The number of jobs in science, technology, engineering and math (STEM) is growing at a rate nearly double that of non-STEM jobs. The Bureau of Labor Statistics projects there will be 9 million STEM jobs by 2022. Even those employed outside of strictly STEM fields will need, to some extent, STEM skills. To train this workforce of the near future, the United States needs an army of teachers highly trained in science, math, and technology.Too few teachers with knowledge in STEM
The President’s Council of Advisors on Science and Technology (PCAST), in a 2010 report, argued that teachers “… are crucial to the strategy of preparing and inspiring students in STEM.” Yet, there are too few teachers in America’s classrooms with the necessary attributes of deep content knowledge in STEM and the pedagogical skills needed to teach effectively. Exacerbating the problem is the high-turnover rate of STEM teachers.
Approximately 25,000 math and science teachers leave the profession each year. About one-third of these are retirements, but the remaining two-thirds cite job dissatisfaction as their reason for leaving. Individuals with degrees in STEM fields are financially rewarded for choosing an occupation other than education. Census wage data for 2012 reveals that the annual median income for mathematicians and statisticians is nearly $86,000; income for physical scientists is more than $71,000. Median pay for educators falls well below these at $51,000.
Money isn’t the only factor. Many teachers told PCAST they left for lack of professional support. Underfunded school budgets left teachers with more students and fewer resources. The STEM teacher shortage is felt most in high-poverty school districts, where one study cited by PCAST found that 40 percent of high school math classes are taught by teachers that did not hold math degrees.
Efforts to train, recruit and support STEM teachers
To reverse these trends, President Obama, in his 2011 State of the Union Address, challenged the private sector to help in recruiting 100,000 STEM educators over the next decade. Carnegie Corporation of New York took up the challenge. The education foundation, founded more than 100 years ago by industrialist Andrew Carnegie, assembled a group of private organizations and public institutions to join in the effort to recruit, train and support STEM teachers. The number of partners in Carnegie’s 100Kin10 initiative expanded from 27 at its launch, to nearly 200 by 2014.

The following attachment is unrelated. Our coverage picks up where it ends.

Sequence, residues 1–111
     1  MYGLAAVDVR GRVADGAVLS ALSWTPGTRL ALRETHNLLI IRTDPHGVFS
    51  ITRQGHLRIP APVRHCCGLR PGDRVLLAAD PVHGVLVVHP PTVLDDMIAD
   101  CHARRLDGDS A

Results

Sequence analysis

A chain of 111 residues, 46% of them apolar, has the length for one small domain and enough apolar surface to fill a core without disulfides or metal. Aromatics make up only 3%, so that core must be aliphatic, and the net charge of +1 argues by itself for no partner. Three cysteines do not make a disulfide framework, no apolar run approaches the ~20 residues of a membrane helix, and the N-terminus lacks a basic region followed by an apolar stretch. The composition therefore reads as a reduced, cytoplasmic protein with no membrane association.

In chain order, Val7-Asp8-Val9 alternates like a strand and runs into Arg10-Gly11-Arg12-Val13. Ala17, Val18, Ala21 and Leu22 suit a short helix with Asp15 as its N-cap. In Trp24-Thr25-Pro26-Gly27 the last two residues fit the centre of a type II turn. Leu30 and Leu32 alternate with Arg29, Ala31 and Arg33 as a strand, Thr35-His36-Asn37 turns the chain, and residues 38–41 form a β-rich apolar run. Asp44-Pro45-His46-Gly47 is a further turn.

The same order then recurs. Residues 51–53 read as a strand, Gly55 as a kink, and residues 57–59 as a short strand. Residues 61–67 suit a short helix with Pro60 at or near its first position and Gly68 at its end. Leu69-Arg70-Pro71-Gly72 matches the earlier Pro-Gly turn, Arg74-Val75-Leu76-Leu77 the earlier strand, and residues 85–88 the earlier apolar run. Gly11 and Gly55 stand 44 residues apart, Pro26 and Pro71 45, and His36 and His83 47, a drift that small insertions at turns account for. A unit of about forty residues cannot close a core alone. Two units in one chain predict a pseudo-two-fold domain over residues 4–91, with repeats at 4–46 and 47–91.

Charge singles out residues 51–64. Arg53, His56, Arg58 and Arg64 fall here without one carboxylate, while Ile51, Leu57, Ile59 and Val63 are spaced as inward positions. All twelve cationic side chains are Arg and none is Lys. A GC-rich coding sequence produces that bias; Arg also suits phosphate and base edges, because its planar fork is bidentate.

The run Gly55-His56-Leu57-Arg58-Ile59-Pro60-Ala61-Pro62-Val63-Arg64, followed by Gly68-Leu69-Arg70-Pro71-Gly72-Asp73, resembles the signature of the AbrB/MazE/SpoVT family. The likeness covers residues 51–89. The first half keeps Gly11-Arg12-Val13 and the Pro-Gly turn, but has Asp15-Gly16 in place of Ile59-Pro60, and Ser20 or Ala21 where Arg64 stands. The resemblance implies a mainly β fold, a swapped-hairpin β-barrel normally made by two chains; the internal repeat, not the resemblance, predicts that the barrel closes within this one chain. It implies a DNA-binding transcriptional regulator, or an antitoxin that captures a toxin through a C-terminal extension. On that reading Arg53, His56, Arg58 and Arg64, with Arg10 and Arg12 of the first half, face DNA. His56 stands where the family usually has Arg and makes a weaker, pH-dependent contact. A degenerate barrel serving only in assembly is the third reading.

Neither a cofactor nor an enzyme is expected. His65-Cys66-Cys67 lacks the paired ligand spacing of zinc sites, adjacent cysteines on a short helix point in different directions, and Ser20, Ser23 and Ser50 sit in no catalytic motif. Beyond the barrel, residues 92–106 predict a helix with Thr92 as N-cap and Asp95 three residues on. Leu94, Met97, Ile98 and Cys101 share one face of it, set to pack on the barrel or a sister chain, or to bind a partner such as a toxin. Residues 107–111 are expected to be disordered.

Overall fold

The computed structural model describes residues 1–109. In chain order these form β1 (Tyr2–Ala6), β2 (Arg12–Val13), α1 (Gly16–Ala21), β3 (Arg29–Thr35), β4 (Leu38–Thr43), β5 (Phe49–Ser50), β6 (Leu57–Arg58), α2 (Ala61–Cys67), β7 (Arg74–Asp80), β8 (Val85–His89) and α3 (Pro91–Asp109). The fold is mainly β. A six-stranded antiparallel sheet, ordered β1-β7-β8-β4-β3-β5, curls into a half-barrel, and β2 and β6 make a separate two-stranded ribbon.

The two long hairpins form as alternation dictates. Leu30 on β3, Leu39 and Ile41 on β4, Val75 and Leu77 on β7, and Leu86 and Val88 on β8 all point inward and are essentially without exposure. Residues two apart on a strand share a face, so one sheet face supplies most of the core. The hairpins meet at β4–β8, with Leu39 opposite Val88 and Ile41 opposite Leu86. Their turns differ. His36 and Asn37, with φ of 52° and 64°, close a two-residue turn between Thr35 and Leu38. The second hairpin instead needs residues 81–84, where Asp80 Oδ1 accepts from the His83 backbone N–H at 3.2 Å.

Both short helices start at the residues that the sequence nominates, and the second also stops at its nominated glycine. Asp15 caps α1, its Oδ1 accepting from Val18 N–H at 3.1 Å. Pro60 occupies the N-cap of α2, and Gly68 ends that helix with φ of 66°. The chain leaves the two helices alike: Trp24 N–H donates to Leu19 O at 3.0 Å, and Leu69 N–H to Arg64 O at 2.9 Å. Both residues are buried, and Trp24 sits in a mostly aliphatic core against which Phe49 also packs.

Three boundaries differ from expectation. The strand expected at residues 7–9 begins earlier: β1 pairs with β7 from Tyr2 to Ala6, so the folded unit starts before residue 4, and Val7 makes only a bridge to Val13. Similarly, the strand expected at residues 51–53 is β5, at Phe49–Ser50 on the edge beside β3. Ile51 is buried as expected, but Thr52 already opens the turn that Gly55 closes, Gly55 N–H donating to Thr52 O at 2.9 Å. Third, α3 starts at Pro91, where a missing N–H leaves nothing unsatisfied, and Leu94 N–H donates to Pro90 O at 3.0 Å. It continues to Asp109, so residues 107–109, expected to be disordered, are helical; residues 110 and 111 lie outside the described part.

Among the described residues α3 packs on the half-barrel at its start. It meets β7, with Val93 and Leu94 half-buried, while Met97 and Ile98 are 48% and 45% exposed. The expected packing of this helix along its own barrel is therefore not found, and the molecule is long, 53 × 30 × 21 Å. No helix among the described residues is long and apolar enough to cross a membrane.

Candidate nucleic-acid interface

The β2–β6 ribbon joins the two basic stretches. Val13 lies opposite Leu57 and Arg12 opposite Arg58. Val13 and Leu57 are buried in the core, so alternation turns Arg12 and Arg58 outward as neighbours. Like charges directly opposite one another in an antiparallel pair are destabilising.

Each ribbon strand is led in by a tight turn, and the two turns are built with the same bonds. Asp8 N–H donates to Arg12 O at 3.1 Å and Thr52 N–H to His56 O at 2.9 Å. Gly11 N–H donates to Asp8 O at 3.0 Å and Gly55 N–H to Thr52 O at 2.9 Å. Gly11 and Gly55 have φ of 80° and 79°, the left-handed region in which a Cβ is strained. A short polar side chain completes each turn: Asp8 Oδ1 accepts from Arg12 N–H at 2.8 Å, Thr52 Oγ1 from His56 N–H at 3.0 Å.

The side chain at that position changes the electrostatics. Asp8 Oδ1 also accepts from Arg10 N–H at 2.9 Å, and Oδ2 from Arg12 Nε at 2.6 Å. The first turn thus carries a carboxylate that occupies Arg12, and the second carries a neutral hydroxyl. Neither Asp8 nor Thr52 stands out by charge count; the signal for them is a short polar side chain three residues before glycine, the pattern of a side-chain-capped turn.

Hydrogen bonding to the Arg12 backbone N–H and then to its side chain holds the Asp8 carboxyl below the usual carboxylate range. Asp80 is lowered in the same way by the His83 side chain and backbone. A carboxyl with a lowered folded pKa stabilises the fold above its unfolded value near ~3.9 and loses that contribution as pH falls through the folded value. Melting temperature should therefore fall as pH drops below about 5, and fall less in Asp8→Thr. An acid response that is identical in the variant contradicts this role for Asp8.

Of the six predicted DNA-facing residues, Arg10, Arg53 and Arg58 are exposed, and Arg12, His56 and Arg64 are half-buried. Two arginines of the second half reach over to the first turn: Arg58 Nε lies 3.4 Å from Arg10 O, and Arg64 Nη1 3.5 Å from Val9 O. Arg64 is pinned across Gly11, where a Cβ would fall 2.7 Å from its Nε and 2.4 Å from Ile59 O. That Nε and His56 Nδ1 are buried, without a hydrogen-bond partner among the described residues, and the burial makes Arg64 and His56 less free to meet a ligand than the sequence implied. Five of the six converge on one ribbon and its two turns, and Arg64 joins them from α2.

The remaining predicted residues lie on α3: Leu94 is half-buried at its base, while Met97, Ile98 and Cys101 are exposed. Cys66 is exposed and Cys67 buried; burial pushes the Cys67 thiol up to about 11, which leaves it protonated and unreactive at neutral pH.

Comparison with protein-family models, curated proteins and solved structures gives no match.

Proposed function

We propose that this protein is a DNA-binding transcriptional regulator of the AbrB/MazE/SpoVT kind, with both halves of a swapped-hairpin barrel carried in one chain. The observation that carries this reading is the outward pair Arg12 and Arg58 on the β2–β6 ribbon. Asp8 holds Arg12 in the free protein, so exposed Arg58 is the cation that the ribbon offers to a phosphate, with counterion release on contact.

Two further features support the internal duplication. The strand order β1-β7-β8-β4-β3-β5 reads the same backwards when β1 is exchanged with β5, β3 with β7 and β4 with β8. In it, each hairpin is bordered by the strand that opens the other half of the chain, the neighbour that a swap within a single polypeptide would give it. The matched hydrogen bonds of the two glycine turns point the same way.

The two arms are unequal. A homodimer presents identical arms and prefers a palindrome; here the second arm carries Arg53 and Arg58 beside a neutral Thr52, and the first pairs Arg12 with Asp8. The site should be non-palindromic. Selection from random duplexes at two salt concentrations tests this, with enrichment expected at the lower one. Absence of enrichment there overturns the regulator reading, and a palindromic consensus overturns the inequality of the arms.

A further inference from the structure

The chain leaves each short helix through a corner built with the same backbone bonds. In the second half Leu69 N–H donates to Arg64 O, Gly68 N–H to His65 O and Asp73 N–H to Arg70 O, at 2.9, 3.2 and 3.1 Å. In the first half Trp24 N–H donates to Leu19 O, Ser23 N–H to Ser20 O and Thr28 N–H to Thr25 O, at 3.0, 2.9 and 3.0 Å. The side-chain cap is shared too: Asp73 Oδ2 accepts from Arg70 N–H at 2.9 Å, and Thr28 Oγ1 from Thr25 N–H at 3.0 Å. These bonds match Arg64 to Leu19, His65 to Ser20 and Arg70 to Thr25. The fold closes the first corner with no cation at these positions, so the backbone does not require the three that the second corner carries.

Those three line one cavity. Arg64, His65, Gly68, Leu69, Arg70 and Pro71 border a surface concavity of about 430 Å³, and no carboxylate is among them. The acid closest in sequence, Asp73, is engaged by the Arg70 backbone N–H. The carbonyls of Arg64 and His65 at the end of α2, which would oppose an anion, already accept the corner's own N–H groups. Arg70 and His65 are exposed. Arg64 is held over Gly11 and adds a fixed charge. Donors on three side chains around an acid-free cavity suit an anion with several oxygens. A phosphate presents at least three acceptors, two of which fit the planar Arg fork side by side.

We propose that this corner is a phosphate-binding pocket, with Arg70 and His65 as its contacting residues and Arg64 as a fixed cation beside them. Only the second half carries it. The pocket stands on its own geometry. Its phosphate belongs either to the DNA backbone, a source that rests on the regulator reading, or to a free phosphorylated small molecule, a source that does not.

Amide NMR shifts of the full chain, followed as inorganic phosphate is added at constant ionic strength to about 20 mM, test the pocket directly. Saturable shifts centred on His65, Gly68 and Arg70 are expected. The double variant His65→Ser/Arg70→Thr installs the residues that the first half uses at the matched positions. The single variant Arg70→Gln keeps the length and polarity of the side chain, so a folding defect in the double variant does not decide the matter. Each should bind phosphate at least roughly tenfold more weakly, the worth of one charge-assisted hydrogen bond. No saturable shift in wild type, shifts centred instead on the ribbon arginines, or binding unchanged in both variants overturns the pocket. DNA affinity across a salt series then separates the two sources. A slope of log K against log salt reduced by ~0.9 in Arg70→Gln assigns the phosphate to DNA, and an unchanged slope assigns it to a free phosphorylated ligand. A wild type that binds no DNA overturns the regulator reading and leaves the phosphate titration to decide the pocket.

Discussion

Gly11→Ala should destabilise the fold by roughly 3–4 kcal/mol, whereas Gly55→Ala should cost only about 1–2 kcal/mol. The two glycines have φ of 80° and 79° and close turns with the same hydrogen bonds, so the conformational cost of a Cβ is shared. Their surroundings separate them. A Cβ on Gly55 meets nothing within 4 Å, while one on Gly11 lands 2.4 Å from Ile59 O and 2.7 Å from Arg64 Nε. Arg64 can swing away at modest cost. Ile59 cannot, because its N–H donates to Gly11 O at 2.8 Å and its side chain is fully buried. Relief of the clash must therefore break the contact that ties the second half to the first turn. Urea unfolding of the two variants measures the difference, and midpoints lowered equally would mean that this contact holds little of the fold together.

Partners in the initiative have formed a network to tackle the shortage of teachers from many angles. Programs to recruit college students majoring in STEM fields, develop high-quality professional development opportunities for teachers, and implement retention strategies are part of this effort. The 100Kin10 fund actively solicits donations to provide grants in support of STEM programs in schools and other institutions.
To supplement the work done by private organizations, President Obama, in his 2015 budget, includes a $20 million appropriation request to pilot a STEM Master Teachers Corps program. This program would tap highly qualified STEM teachers to model lessons, lead professional development and mentor new teachers in STEM subjects. Teachers serving in the corps would be compensated with stipends of up to $20,000, with larger stipends going to educators that serve in high-need school districts. Legislation to create this program was introduced by Senator Al Franken in 2013. The bill is currently in committee.
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Gillian Burdett is a freelance writer covering all things home and living. Her work can be found on Examiner.com.